If the harrowing images – filmed on a phone and broadcast around the world – of Muammar Gaddafi’s extrajudicial execution in the streets of Libya in 2011 encapsulate just how poorly planned the British and French-backed operation to overthrow him was, then the prospect of redeployment to the country is not likely to fill anyone with confidence.

First, a catch-up.

In July 2012, elections were held to what became known as the General National Congress, the new legislative body which, it was agreed, would temporarily govern the country, replacing the de facto National Transitional Council which had ruled in the immediate aftermath of Gaddafi’s deposition. The GNC’s remit was to transition Libya to a functioning democratic state underwritten by a new constitution within an 18-month window.

However, when the stipulated deadline passed without the ratification of a new, democratic constitution, and it became clear both that state institutions were not developing and militias had not disarmed, the GNC was forced to hold snap elections to a House of Representatives, which took power from them in August 2014. Yet despite the House of Representatives being internationally recognised as the democratically elected official government of Libya, embittered members of the GNC – feeling unjustly toppled – created the National Salvation Government, and supported by a broad alliance of militia groups and supporters known collectively as Libya Dawn Coalition.

Whilst the Islamist-dominated GNC took back control of the capital, Tripoli, the House of Representatives fled to the Eastern city of Tobruk, over 1000miles away.

Both parties are supported by disparate armed factions, who, due to the reckless distribution of weaponry by Western forces eager to oust Gaddafi in 2011, now have abundant access to munitions. Moreover, even theoretically allied militias are fighting for control of territory. Add to this the bankrupted and crumbling institutions and infrastructure, along with the complex historical tribal and ethnic differences that exist, and it is easy to see why Libya has become a hotbed of bloody violence and terror.

And so, in 2015, the West’s patience ran out. Abandoning their allies in Tobruk, the UN proposed a new unity Government of National Accord, with Fayez al Sarraj, a Libyan exile living in Tunisia, as the new Prime Minister. Yet in a rare show of consensus, both the GNC and the House of Representatives rejected the imposition of the new unity government.

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As a result, there are essentially three separate governments currently operating in Libya.

For the West, the current conditions in Libya are problematic for two reasons.

Firstly, the distance between Tripoli and the Italian island of Lampedusa is less than 300 kilometres. Given its proximity to the African mainland, the island has become notorious for being the first port of call for desperate migrants eager to forge a new life in Europe. Troubled by terror attacks on European soil, and perhaps also the fear of immigration that has bolstered far-right movements across the continent, regaining a modicum of control in Libya would, for Western governments, partially allay these fears.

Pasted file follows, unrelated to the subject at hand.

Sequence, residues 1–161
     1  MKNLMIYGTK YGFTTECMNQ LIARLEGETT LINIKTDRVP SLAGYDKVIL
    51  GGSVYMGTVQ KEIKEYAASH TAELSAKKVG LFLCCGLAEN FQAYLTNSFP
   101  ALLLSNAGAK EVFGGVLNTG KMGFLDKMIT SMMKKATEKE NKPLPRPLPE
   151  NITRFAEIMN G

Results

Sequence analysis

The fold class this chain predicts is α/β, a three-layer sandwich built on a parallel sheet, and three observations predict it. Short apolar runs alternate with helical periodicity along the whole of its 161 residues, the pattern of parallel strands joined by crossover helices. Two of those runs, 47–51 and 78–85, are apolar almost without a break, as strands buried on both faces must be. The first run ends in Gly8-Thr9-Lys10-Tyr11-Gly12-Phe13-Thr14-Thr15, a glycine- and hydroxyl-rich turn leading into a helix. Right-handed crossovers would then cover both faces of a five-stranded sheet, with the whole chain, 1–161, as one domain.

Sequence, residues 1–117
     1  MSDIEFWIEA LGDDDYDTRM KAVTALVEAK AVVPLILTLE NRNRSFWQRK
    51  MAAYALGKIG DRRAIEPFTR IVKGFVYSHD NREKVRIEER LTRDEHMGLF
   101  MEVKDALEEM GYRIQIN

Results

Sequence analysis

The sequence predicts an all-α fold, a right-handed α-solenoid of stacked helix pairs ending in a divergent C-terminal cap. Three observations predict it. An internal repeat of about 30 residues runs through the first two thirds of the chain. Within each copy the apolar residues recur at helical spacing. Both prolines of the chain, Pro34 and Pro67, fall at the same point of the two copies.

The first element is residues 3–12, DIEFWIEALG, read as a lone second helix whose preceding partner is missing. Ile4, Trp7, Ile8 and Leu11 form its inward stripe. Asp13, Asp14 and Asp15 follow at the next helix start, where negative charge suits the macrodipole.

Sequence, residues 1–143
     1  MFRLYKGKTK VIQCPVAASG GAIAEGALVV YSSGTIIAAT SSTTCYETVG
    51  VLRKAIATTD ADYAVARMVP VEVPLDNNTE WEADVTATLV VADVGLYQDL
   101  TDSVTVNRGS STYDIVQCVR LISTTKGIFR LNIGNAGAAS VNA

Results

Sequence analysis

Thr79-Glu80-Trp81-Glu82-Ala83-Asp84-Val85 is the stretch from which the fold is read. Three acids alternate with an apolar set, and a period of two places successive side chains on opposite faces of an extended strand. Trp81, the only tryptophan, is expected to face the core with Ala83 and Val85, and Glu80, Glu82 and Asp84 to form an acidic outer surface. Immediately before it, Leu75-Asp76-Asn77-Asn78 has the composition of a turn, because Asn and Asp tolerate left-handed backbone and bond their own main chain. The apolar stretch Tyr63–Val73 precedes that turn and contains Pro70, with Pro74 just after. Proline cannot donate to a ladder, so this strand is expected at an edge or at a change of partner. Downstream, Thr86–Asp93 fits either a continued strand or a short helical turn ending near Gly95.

Secondly, the rampant progress of Daesh in Libya. Russia’s involvement in the Levant has badly dented the group’s advances there, allowing Assad’s forces to retake symbolic and strategic sites such as Palmyra and Al Qaryatayn, and it is thought that Daesh are preparing Libya as a base from which to regroup in the event that they are driven out of Syria and Iraq. If this were to happen, exploiting the vast oil reserves in Libya would be essential for the groups’ survival.

Under Gaddafi, Libya’s oil was nationalized and regulated as part of the National Oil Corporation. Yet in return for British and French assistance in his removal from power, both Prime Minister Cameron and President Sarkozy pushed for preferable access for British and French oil companies to Libyan oil.

The French Defence Minister, Jean-Yves Le Drian, recently suggested that Daesh are:  “… starting to penetrate the interior (of Libya) and to be tempted by access to oil wells and reserves”. This statement reflects the fears – particularly prominent within the British and French governments – that the interests of domestic oil companies such as BP and TOTAL are under threat.

Ostensibly, the reason for Al-Sarraj’s appointment is his conciliatory temperament and the fact that he is not strongly aligned with either party vying for power in Libya.

Yet it is perhaps closer to the truth that, in return for the lifting of sanctions and unfreezing of Libyan assets, Al-Sarraj will ask the West for assistance in the campaign against Daesh, allowing them to protect their own interests in the country.

Might this mean airstrikes? Britain has become re-embroiled in Iraq all those years after the botched 2003 invasion.

All the signs point to history repeating itself, but this time with Libya.

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